Workers want more conversations about diversity, equity and inclusion (DE&I) in the workplace, according to a study released by global communications firm Edelman.
The Edelman Trust Barometer is a global survey of more than 36,000 participants in 28 markets around the world. The report assigns a score that measures trust in institutions like nongovernmental organizations, businesses, government and media.
The results, published in January, found that 60 percent of employees expect CEOs to speak publicly about controversial social and political issues. Sixty-five percent of respondents expect them to inform and shape conversations and policy debates about issues involving prejudice and discrimination.
"Company leaders must play a role in discussing issues that are important to their employees, customers and the general public," said Trisch L. Smith, global chief diversity, equity and inclusion officer at Edelman. "Silence or nontruths are unacceptable in today's marketplace."
Informing Responses to DE&I Issues
Survey respondents were more worried about the lack of DE&I conversations in the workplace than the lack of discussions about improving health care systems or determining the next leader of the country, the report found.
But Smith said many CEOs avoid speaking on societal issues related to DE&I.
"Unfortunately, many leaders have become so concerned with saying the right thing or not offending a particular group that they end up saying nothing, which speaks volumes," Smith said. "Now more than ever, leaders are expected not only to advocate but to inform around DE&I issues, partner with diverse stakeholders where needed, speak out and take a stand."
Neal Goodman is the president of Global Dynamics Inc., a company that offers cross-cultural training and other services, in Aventura, Fla. The company includes a team of diversity coaches who have experience successfully coaching executives on DE&I subjects.
Goodman said many CEOs need coaching to properly address DE&I topics. When staffers ask challenging questions, executives should not provide answers or rationalizations on the spot. A good response takes time to formulate. An external coach can also meet with the CEO to explore what can be done to mitigate an issue related to DE&I.
"This is a difficult discussion for some, and the unintentional biased comments or micro-messages can do much more damage than the best of intentions," Goodman said. "The CEO should acknowledge any complaint immediately and indicate that they will examine the situation and get back to the individual."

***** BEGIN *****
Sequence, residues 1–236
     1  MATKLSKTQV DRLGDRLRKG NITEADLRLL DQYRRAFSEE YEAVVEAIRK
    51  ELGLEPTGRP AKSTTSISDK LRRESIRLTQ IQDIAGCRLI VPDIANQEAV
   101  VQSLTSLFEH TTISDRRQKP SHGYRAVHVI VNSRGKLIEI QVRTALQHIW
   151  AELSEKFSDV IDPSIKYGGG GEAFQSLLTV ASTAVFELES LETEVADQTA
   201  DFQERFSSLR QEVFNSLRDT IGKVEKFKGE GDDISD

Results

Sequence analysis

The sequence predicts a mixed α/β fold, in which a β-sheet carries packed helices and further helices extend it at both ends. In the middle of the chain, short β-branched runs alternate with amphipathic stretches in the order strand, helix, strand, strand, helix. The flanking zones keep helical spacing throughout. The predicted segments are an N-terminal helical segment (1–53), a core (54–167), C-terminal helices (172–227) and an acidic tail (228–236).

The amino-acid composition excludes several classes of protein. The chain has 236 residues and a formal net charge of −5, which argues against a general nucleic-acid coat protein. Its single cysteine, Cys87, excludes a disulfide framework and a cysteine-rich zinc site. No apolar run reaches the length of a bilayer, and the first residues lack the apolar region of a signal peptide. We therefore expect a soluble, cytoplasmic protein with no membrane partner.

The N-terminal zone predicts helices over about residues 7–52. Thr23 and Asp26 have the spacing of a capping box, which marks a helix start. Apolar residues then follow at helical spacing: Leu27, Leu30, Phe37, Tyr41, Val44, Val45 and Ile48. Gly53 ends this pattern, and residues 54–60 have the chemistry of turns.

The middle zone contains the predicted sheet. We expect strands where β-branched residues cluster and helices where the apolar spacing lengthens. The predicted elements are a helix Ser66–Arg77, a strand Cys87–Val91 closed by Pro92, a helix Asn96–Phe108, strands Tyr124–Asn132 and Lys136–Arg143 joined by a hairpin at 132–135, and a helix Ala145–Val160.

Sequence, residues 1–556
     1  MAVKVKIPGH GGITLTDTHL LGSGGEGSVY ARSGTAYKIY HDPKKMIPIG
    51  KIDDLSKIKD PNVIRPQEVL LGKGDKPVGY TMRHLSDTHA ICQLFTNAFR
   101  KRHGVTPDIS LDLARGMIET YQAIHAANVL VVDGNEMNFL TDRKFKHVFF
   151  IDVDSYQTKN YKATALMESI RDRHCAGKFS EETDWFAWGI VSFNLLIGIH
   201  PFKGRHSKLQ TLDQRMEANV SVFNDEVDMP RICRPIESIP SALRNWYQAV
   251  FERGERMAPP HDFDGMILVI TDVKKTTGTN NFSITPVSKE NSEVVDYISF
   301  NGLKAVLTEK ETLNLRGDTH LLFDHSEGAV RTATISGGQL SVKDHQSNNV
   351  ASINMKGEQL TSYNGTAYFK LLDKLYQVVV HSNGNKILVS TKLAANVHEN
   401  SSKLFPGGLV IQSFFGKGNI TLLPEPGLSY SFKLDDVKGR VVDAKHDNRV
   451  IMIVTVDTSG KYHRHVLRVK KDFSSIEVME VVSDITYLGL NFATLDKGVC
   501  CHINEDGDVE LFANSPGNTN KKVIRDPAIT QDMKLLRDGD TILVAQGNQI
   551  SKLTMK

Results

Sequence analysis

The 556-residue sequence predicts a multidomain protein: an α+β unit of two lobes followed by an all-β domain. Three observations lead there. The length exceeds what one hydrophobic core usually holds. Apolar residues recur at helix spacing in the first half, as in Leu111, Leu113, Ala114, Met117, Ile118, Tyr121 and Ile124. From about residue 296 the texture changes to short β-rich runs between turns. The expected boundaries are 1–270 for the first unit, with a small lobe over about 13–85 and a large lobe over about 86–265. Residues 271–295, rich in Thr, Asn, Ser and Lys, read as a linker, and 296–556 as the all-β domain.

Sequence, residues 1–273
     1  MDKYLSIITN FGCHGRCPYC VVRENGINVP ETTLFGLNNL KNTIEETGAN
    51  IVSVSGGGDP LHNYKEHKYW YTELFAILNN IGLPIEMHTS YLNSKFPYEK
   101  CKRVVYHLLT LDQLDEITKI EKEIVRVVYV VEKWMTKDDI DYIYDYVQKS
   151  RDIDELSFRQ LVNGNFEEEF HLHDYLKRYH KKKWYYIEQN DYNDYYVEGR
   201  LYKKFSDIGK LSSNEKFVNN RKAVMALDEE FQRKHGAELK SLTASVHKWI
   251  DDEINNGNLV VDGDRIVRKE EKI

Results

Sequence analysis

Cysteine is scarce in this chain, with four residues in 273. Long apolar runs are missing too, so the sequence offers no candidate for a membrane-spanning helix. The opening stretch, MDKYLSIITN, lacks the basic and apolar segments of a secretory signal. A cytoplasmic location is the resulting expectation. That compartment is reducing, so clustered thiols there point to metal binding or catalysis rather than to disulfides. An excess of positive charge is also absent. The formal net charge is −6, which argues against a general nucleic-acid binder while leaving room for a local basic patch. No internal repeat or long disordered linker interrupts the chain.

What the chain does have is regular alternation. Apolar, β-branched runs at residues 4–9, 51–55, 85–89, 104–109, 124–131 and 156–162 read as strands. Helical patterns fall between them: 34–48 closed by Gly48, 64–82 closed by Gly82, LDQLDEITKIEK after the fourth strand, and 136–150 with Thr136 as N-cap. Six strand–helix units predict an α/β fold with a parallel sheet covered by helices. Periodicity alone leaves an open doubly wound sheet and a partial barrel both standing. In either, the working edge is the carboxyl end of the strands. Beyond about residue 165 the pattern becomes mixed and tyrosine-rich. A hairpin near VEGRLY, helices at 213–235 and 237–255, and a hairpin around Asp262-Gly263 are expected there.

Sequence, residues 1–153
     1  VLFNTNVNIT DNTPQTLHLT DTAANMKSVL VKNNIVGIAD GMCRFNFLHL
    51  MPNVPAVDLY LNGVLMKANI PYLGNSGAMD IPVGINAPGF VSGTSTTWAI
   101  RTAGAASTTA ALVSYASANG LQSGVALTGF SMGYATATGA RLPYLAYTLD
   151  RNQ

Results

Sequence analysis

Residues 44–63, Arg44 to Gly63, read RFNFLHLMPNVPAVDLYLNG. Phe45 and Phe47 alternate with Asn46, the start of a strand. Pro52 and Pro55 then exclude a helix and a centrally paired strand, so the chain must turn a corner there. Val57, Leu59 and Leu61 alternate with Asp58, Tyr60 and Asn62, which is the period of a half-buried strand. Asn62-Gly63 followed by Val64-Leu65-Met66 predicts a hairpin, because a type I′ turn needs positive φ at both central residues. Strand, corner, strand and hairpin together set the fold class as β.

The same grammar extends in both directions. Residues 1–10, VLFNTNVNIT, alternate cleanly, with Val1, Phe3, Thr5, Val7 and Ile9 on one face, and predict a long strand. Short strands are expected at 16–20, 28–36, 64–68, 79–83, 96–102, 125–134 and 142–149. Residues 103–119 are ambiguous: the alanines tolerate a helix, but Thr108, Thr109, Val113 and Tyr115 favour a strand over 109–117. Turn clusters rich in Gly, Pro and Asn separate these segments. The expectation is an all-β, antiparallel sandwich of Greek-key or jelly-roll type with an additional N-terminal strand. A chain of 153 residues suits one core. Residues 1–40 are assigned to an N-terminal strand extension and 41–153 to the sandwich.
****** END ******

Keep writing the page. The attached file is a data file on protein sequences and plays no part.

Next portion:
Business leaders don't have to make these decisions alone. They should work closely with their chief diversity officers and other people managers to address social issues. This is a habit of many successful DE&I programs.
"At Edelman, when we counsel clients and colleagues, we often say, 'It starts with you,' " Smith said. "Everyone at all levels in the organization must be invested and involved in the work if we are going to make lasting progress and drive systemic change."
Why Trust Is Important
More communication can lead to increased trust—particularly as it relates to DE&I.
Edelman states that trust defines an organization's ability to function, lead and succeed. It is a significant characteristic that enables a company to take responsible risks and correct past mistakes. Trust is not given, it is earned.
"To remain competitive and build loyalty among internal and external stakeholders, employees and customers must hear, see and feel an organization's diversity, equity and inclusion commitment," Smith said. "If these needs are not effectively met, employee recruitment and retention are impacted, public image and reputation suffer, and customer loyalty can be adversely impacted."
Employers could ask an impartial third party to conduct confidential focus groups or survey all employees regarding their experiences and insights. The results can then be anonymously put into a report for the executive team's consideration. Incorporating useful employee feedback into policies can increase trust within companies.
Goodman has used this tool to build trust in his own organization.
"In a company survey we conducted, multiple employees reported that there was little to no transparency when it came to the requirements for promotion or bonuses," Goodman said. "There was a very strong belief that bias and favoritism was responsible for who got promoted or was invited into the mentorship program. [The employee survey] led to increased transparency and a more open mentorship process."
Smith said being open and honest about DE&I issues also can lead to increased trust.
"Company leaders must be more open and honest about DE&I issues," she said. "It is not an option."